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Need Stress Relief? Color Our Collections

Last week the Internet was filled with coloring pages from Special Collections and archives around the country.

Here are our contributions. Print them out, color them, and tag us on social media (Twitter, Tumblr, Instagram, Facebook).

Or try the hashtag #colorourcollections on your favorite site to see the endless options from other institutions around the country.

Maximillian coloring image Jeremiah coloring imageCanticum Coloring image Durer image of dragons


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Best Wishes to Our Graduating Student Workers

By Lindsay Moen, Department Liaison

It has only been a few months into my new position as Department Liaison, and one of my major job duties is to supervise the student employees. I did not anticipate that the hardest part of this new job would be watching wonderful students graduate and leave the department.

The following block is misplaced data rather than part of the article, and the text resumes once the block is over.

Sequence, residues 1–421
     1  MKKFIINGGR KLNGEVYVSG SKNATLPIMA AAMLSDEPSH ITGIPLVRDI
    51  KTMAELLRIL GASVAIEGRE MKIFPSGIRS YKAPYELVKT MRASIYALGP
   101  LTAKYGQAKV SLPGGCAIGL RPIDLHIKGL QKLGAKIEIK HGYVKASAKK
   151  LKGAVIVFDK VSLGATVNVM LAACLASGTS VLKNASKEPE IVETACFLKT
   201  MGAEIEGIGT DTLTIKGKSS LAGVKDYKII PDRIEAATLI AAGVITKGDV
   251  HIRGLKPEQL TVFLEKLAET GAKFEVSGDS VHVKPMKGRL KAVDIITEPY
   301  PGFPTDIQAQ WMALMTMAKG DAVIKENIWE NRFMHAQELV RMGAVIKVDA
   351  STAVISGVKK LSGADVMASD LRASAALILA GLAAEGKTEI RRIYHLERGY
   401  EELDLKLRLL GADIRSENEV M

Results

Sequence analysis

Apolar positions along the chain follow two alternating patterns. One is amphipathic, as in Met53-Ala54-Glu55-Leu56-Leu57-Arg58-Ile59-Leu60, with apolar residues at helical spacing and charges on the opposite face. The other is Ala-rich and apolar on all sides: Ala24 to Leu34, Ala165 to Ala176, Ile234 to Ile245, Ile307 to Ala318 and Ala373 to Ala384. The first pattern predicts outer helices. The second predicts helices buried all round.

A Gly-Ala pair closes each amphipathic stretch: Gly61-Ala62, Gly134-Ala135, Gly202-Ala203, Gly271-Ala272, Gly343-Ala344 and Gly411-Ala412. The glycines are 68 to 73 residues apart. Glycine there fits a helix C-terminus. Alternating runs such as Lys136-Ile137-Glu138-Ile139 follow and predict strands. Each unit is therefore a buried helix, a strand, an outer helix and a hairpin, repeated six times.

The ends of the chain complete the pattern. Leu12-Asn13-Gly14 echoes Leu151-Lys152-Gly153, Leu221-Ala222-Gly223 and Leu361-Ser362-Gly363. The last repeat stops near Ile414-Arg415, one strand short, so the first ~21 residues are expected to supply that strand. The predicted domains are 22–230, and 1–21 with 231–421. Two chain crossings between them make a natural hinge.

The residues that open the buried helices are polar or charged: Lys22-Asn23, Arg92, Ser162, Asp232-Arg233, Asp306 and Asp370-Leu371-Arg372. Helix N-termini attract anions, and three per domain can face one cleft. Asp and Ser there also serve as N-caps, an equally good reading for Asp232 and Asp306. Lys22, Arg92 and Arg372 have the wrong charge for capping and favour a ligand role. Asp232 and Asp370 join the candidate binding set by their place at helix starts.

This Fall 2015 semester, two outstanding students graduated: Zoë Webb and Mallory Price. Both students will be sorely missed, and I think I can speak for the entire department when I say, they will be hard to replace!

students reading cards

Zoë and Mallory reading graduation cards from the Special Collections staff.


Zoë Webb graduated this semester from the University of Iowa School of Art and Art History with a degree in Art, and finalized her undergraduate career with a BFA show titled “Don’t Stray From the Path”. Zoë’s show featured a room not only filled with her original artwork, including some impressive metal works, but it also included artistically placed trees and leaves to give the viewer the sense of walking through an ethereal forest inhabited by faeries.